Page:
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Here Come the (Commercial) Drones, America

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Donald Kaufman
Correspondent
Donald Kaufman is an L.A.-based producer, composer and mix engineer. He is also the songwriter and frontman of the band Visceral Design. After graduating from Berklee College of Music, Kaufman began…
Donald Kaufman

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The Federal Aviation Administration has given BP permission to use drones in Alaska, marking the first time the government agency has allowed commercial drones to fly over American land. The energy giant has teamed up with unmanned aircraft manufacturer AeroVironment to keep tabs on oil pipelines, roads and equipment in Alaska from the skies with the aid of a Puma drone.

As The Guardian reported Tuesday, Congress is pushing the FAA to nail down safety rules for commercial drones, although certain projects have been given clearance.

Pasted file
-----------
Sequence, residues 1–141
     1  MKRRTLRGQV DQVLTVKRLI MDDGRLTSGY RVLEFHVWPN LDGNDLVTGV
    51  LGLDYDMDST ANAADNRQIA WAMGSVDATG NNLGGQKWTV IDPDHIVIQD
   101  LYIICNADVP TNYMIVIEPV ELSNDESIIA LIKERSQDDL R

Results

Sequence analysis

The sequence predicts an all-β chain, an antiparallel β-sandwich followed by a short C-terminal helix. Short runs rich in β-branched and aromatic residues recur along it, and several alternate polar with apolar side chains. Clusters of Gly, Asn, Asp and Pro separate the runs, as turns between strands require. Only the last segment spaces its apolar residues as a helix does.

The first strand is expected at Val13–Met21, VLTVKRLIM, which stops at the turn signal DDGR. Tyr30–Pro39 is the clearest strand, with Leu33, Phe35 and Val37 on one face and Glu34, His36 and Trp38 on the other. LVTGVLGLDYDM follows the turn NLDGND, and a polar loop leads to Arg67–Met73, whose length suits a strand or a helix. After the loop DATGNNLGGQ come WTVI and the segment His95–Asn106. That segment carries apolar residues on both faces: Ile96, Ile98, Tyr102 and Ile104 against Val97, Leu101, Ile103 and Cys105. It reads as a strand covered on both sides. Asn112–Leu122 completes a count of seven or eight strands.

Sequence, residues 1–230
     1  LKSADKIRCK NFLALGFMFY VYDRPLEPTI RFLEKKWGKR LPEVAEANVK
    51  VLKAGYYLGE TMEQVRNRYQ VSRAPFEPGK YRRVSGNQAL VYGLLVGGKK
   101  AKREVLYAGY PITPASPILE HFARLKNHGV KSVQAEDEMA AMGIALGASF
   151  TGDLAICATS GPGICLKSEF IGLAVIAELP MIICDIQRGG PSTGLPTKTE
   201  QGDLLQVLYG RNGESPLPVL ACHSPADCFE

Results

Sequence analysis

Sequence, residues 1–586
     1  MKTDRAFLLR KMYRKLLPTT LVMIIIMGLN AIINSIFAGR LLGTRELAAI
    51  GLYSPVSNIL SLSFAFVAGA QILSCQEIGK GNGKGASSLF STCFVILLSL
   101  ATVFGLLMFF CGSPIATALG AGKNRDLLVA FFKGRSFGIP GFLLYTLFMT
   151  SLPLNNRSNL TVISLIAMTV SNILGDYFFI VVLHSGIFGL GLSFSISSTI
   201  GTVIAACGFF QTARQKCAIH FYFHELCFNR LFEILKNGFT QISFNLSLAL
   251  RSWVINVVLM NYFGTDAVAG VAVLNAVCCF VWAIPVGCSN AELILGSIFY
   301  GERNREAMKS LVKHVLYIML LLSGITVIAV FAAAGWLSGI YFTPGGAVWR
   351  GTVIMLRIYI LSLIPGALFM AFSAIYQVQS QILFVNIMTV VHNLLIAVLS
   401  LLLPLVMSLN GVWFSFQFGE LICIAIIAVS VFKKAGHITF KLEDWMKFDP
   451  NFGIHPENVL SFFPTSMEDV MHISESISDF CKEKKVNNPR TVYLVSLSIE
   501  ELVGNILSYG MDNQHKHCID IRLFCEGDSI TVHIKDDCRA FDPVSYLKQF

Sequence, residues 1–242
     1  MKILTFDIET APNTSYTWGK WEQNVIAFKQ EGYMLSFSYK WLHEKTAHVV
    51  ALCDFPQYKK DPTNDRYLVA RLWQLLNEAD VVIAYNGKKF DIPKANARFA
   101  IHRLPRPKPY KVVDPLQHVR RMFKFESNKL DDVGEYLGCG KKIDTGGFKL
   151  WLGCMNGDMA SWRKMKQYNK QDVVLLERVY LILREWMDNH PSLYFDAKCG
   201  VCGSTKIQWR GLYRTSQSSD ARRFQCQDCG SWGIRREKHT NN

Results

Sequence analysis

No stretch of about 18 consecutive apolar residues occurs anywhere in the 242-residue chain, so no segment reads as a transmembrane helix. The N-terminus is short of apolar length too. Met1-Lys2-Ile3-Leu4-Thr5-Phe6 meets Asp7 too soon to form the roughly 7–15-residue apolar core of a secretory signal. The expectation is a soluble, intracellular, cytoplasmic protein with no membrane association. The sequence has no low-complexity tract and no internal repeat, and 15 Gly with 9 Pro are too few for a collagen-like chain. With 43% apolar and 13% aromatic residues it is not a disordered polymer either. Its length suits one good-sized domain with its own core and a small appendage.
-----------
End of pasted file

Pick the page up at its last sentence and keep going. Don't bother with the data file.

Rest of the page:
FAA Administrator Michael Huerta has said drafting such rules is complex because they must ensure that the large volume and diversity of manned aircraft in US skies are protected. Even a small drone that collides with plane traveling at high speeds or gets chewed up by helicopter rotors could cause a crash.

But as the cost of small drones has come down and their sophistication and usefulness has increased, entrepreneurs and businesses from real estate agents to wedding video makers aren’t waiting for government permission. Drone industry officials have warned that the longer the FAA takes to write regulations, the more rogue commercial operators will multiply.

Hollywood is also eager to get in on the act, and the FAA might give seven movie companies permission to use drones to shoot aerial footage, according to The Guardian.

–Posted by Donald Kaufman.

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